Dr. In and Mr. Out

Strapping the kids into the car this morning for a trip to the supermarket, Andrea commented once again on Archer’s amazing prolixity. At just 2 1/4 years old, he’s chattier than any ten grownups I know; and his utterances are fully formed thoughts, almost always organized into comprehensible sentences and, more often than not, cohesive paragraphs with a sensible, non-trivial logical flow.

Andrea’s comment to me, sotto voce, was that Archer is far ahead of where Jonah was at that age. I felt that was missing the point, apart from being impolitic, especially as Jonah has always impressed everyone with his intelligence, even as a toddler. I reframed her observation thus: Jonah was always the one taking everything in, examining the world, understanding it, recording it, drawing conclusions about it; whereas Archer is the one who lets everything out, exploring his environment more by engaging the people in it.

None of which is to imply that Jonah can’t be outgoing, or that Archer has no interior life. Far from it!

From Russia With Love^H^H^H^HLike

Speaking of James Bond, I found “The British Censorship of From Russia With Love” extremely interesting. It’s about the cuts made to the racier parts of that film, and for its time it was apparently quite racy indeed. Here’s my favorite:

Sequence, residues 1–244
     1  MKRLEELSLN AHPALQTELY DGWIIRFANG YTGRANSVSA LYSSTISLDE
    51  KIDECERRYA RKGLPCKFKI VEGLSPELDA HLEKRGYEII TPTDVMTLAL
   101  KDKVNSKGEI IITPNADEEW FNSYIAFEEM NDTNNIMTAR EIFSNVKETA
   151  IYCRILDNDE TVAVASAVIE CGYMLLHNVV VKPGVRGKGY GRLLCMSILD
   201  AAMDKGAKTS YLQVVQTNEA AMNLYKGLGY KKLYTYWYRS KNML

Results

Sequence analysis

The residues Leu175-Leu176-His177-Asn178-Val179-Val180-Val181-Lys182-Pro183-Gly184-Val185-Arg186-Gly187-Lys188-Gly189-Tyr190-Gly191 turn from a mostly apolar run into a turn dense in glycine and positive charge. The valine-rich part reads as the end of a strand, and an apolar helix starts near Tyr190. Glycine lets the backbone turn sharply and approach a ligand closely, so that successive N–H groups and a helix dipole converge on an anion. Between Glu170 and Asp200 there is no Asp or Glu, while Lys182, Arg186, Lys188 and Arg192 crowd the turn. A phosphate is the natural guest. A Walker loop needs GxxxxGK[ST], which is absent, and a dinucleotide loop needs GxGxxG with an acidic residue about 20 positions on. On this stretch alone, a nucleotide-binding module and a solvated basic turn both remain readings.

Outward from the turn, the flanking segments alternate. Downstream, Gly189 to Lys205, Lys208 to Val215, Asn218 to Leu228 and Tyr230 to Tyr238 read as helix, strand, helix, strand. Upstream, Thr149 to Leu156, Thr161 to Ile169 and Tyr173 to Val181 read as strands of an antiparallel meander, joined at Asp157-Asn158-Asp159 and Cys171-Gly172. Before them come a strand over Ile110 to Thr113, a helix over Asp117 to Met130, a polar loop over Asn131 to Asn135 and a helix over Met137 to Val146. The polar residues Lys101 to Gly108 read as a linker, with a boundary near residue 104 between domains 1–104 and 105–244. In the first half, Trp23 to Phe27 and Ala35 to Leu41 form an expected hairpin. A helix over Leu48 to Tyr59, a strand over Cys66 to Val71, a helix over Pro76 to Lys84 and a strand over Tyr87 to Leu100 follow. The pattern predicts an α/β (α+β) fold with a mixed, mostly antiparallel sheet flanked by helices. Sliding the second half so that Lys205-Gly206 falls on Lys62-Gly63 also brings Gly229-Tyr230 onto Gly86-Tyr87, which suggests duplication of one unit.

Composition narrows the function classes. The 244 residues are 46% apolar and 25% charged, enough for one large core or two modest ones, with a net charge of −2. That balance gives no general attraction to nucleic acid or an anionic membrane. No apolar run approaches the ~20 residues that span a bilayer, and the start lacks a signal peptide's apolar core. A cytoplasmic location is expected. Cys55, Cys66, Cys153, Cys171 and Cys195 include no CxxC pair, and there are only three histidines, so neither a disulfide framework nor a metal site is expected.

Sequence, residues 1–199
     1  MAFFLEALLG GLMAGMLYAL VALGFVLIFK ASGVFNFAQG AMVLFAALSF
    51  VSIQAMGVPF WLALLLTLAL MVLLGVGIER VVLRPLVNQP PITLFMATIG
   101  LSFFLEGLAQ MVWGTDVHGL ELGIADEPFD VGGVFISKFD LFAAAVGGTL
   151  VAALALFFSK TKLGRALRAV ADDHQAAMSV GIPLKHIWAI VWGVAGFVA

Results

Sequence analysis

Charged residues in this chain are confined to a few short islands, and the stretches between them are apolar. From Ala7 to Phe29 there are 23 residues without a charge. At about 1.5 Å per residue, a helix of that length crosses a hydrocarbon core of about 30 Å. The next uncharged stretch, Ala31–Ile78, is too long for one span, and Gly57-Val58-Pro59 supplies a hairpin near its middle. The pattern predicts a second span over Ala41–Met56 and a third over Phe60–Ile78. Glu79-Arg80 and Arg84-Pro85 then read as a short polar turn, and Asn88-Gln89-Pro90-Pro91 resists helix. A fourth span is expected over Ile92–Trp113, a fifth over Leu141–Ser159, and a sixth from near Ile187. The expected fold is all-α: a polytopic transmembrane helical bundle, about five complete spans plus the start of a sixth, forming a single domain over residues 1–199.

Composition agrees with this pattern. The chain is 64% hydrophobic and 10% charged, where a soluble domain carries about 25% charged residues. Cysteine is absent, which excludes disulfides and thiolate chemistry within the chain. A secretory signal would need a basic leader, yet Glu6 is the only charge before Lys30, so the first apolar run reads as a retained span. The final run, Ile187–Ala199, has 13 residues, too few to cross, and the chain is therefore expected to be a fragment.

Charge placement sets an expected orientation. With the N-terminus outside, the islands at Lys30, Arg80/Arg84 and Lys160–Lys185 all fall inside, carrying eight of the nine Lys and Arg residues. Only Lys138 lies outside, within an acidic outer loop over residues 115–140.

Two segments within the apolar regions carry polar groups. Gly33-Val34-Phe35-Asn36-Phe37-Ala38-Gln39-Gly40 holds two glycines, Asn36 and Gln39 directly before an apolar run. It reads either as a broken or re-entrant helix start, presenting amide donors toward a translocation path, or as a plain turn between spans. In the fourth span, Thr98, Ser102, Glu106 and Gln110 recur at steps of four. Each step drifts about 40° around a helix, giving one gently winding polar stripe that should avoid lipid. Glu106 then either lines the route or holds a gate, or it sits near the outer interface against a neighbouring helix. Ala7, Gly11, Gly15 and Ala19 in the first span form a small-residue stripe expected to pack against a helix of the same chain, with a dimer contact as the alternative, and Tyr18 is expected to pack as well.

The use of “Was I” in “Was I as exciting as all those Western girls?” has been changed to “Am I?” The past tense implies that the couple have had sex, while the present tense implies that Bond just finds her attractive.

And while we’re on the subject of From Russia With Love, I might as well mention my theory that the role of Blofeld in that movie was played by Sean Connery. His face is never seen and he’s listed as “?” in the credits. His voice has a thick, phony accent. When the film came out in 1963 it might not have been possible to ID that voice, but from a modern perspective it does sound rather like someone doing an exaggerated aging-Sean-Connery impression. And I think the duality of playing both the hero and the villain would have been irresistible to both Connery and to the producers. Why else hide Blofeld’s face? Why else conceal the actor’s identity in the credits? I would not be surprised if this very theory had currency among Bond fans at the time of the film’s release, but of course there are no Internet archives from that era for me to google.